By the end of November, we will have finished up seed collection and will continue to process the seeds we’ve collected. Until next time!

The Start of Something New

Spruce Knob, the highest point in West Virginia.

WHERE WERE WE?

A few new things have happened since the last time I posted, so let me get you up to speed. After my inaugural blog post, Caroline and I went out on few more botanical surveys. Since we were still familiarizing ourselves with the plant species found throughout the Mon, we were lucky enough to have two incredibly knowledgeable botanists, Emily and Ken, at our office that were open to having us help them conduct rare plant surveys. Although Emily and Ken were nearing the end of survey season and still had a lot of land to cover, they never made our presence feel like a burden. Each of them took time to help us identify species and test our knowledge. It really gave me and Caroline a glimpse into the day-to-day of a career path that we might one day pursue. While it has been nearly a month since the last time we went out on a survey, I often find myself grateful for the fact that we were able to spend so much time with such great teachers. Just like the times we’ve had to endure intense off trail hikes through dense red spruce (Picea rubens) forests and huge patches of stinging nettle (Urtica dioica), my time with Ken and Emily will forever be etched into my memories, my knowledge base, and my heart.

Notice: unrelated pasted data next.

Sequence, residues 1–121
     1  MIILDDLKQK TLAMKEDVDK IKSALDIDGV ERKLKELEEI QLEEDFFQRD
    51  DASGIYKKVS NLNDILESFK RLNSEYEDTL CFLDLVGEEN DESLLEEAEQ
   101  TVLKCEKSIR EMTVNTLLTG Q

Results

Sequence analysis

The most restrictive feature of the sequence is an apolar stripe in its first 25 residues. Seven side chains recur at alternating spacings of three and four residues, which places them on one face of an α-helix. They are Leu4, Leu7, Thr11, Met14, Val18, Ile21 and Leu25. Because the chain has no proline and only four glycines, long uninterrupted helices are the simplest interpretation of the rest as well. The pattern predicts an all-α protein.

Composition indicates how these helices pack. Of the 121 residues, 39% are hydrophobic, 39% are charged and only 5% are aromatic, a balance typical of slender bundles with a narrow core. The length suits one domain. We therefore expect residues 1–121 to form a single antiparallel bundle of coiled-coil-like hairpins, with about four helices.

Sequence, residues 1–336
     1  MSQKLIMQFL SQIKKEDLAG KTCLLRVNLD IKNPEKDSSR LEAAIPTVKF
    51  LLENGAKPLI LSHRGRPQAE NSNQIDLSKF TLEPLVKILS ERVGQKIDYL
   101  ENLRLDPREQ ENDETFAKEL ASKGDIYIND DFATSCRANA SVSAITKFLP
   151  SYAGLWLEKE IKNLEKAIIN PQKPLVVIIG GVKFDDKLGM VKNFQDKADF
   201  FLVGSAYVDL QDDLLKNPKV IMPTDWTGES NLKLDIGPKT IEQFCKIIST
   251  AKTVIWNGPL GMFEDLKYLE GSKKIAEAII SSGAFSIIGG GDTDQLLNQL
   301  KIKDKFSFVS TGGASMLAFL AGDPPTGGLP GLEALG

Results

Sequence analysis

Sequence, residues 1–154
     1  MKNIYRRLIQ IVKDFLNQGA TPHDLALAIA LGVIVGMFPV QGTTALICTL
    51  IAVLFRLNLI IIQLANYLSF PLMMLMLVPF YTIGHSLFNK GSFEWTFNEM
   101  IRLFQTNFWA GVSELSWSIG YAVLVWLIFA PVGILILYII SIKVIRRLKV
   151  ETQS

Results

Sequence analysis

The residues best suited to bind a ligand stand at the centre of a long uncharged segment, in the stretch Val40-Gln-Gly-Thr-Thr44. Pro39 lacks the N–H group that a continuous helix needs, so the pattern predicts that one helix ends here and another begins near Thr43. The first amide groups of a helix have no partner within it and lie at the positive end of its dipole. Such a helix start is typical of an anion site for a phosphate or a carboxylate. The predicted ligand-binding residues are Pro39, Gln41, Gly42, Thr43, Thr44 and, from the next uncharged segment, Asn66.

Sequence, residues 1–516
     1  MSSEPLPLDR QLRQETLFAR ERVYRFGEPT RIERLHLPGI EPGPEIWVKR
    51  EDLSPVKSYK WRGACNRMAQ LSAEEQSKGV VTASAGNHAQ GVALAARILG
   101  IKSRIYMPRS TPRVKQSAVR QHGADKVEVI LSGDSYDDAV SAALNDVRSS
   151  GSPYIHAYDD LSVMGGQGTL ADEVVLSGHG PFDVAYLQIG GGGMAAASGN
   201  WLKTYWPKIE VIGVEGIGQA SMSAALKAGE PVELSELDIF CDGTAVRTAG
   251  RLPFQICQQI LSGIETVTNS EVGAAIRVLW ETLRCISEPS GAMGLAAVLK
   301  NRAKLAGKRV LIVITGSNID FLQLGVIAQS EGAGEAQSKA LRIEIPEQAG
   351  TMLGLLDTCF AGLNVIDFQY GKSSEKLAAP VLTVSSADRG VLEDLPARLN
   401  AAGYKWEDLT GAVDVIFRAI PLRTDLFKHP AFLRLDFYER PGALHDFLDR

Emily (foreground) took us to the boardwalk in the Cranberry Glades to check the incredible bog that harbors such a beautiful and special ecosystem.
Ken guiding us through the hardest off-trail hike yet

GETTING DOWN TO BUSINESS

Alternate-leaf Dogwood (Cornus alternifolia)

After a short delay and a few email exchanges, we were finally on the track to go out to the field to collect seed! With the help of our mentor, Amy Lovell, we were able to connect and meet up with the lead botanist at the Bartow office, Todd Kuntz (about two hours away from the Marlinton office). Before meeting Todd, Caroline and I heard nothing but great things about him from our coworkers; so our expectations we’re pretty high! On our first outing with Todd, he took us to the Dolly Sods Wilderness Area. It was a whirlwind of a day where Todd taught us heaps of knowledge about the plants’ growth habits and seeding patterns.